Tag: Elon Musk

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Last week, Elon Musk announced he was changing Twitter to the new brand, called simply ‘X’.  The announcement was a surprise, classic Musk, and it came in the form of a letter to employees.  The new X will feature an ‘everything app’, which will include various communication platforms, and ‘financial opportunities including banking. (my bold) […]

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Quote of the Day: On Making Progress

 

“Anyway, it’s hard to iterate though when people are on every mission. You can’t just be blowing stuff up ’cause you’re gonna kill people. Starship does not have anyone on board so we can blow things up. It’s really helpful.” – Elon Musk

The Starship test did not get as far as second-stage ignition. That does not mean it was a failure. Rather it was the first step in testing — using a test to destruction test philosophy. The main goal of the test was to get it off the launch pad and not to get it into orbit. All components in the test were intended to be discarded. Both the first and second stages were early versions of the hardware, which had been replaced by better designs. Rather than scrap them, Musk opted to use them in a launch test. (In fact, newer versions of the two stages already exist, to be expended in the next rounds of tests.) Hardware (even launch pads) can be replaced. Time and lives lost cannot.

It’s media day in our year-end Three Martini Lunch awards and Jim and Greg have plenty to say about how things were covered – if they were covered at all.  Specifically, they look at the stories the mainstream media covered far too much, the ones they conveniently ignored because they didn’t fit their narrative, and they highlight what they saw as the best stories of 2022.

The Character Assassination of Elon Musk

 

There was a time when Elon Musk was the darling of the left. After all, he made a fortune with an internet company (first Zip2, and then X.com/PayPal) and decided to use that fortune to make electric vehicles that would revolutionize the transport industry.  Along the way, he formed a rocket ship company and a satellite internet company.

People became infatuated with Musk, and he reveled in the fame and attention, always looking for the next bigger splash he could make. In some ways, he reminds me of Steve Jobs of Apple, who pushed for computers and devices that people thought were sexy and cool while still being functional and easy to use.

His foray into EVs is a prime example of this. Years before they became commonplace, Musk realized (much like Thomas Edison had realized) that EVs without charging stations were useless. So, he embarked on a program to place charging stations at critical points so that his drivers would be able to recharge while on long trips. This is why there is a Tesla station smack bad in between San Antonio and Houston in a little town called Flatonia, where I often stopped for a drink and/or snack while making that drive myself. Tesla put in a charging station about a mile and a half from my home right off I-35 north of San Antonio, going towards Austin. Many other companies are investing in EVs, but it would not be an exaggeration that Musk and Tesla seemed to capture the imagination of people.  Have you ever heard of a Fisker?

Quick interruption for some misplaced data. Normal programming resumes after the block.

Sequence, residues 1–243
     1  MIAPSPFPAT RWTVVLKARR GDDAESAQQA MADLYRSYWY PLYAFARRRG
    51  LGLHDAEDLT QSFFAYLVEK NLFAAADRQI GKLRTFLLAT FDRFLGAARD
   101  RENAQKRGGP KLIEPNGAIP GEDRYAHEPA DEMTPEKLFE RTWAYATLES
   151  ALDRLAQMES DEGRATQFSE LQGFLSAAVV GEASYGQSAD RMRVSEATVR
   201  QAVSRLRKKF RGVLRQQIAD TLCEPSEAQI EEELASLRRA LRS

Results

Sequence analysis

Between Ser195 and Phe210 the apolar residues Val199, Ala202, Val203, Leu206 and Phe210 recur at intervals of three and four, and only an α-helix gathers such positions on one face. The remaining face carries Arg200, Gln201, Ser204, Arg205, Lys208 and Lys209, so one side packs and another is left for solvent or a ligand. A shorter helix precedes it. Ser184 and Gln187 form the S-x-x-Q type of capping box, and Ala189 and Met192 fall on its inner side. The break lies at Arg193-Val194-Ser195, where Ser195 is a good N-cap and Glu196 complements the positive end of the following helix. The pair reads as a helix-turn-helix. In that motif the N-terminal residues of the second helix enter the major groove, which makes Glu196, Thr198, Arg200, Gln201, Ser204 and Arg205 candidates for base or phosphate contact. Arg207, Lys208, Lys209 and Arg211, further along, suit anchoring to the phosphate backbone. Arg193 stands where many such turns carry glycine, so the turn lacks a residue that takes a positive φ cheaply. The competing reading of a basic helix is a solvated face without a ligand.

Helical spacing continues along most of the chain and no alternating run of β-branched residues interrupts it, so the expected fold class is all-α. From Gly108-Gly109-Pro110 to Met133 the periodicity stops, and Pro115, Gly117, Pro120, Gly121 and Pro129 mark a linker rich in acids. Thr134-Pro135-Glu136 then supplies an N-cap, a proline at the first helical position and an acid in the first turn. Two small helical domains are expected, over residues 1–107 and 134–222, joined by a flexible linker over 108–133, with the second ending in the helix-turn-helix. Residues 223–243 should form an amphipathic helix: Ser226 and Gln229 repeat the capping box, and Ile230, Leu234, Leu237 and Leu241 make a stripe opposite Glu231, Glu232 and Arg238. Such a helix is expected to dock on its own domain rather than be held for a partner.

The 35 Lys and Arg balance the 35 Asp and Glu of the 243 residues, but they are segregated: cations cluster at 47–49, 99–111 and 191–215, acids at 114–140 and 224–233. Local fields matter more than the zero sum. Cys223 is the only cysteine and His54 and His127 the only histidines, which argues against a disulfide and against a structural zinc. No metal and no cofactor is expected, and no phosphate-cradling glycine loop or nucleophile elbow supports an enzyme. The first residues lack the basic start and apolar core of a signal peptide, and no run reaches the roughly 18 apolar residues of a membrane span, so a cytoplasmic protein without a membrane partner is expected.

Federalist Radio Hour Host Emily Jashinsky is in for Jim today. Emily and Greg start by dissecting the left’s full meltdown over Twitter suspending several journalists on the left for violating the new doxxing rules. They also discuss the impact Twitter has in exposing media bias and whether Elon Musk’s actions break his pledge to champion free speech. They’re also furious as Philadelphia public schools plan to impose a mask mandate on students when they return in January just as the damage done to poor and minority students in California from being out of school becomes clearer. Finally, they wonder what exactly Transportation Secretary Pete Buttigieg does following reports he was vacationing in Portugal just a week before the nation was threatened with an economy-crippling railroad strike.

Join Jim and Greg as they cheer Florida Gov. Ron DeSantis for blasting Apple’s nauseating practices of silencing American voices it disagrees with and groveling before the Chinese government by making it harder for protesters there to get their messages out. They also groan as the crisis in Haiti is on the brink of collapse and the Biden administration fails to get other nations to take the lead on the response. And they discuss whether Kevin McCarthy will have the 218 votes needed to become speaker after at least two GOP members say they won’t back him on the House floor come January.

Strike a Blow for Free Speech

 

Those people who consider themselves as the prince-electors are aiming to destroy the Elon Musk-owned Twitter unless they are able to bring Musk to heel.  Many advertisers have been pressured into stopping or suspending their advertising on the platform, and Apple is apparently thinking of banning Twitter from the App Store.

As Musk said yesterday: “This is a battle for the future of civilization. If free speech is lost even in America, tyranny is all that lies ahead.”

Twitter Buyout Going Ahead?

 

Despite the ongoing litigation, I’ve remained cautiously optimistic that Elon Musk might yet buy Twitter and clean house. Now there’s word that he may go ahead with it after all.

I’m delighted and hope he continues. I returned to Twitter after a 13-year absence when Musk announced his intention to buy the platform. I’ve remained there in hopes that the sale would eventually go through: failing that, I’ll eventually leave, because it remains a cesspool of censorious leftism — and, yes, there are an awful lot of fake accounts.

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In Robert Heinlein’s 1950 story The Man Who Sold the Moon, the first manned lunar landing is not a government project.  Rather, it is the achievement of entrepreneur/industrialist Delos D Harriman, known to his friends and associates as ‘D.D.”  Some have seen a resemblance between Heinlein’s fictional character and the real-life Elon Musk.   Harriman has […]

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Email exhibits in the litigation against Musk show a breakdown between Musk and the Kingdom of Saudi Arabia’s Public Investment Fund (PIF) over funding. This may explain Musk’s recent statements defending his tweet: “…Funding secured.” An interesting coincidence may be the relative timing of a PIF investment in Tesla competitor (hated rival) Lucid Motors. Preview […]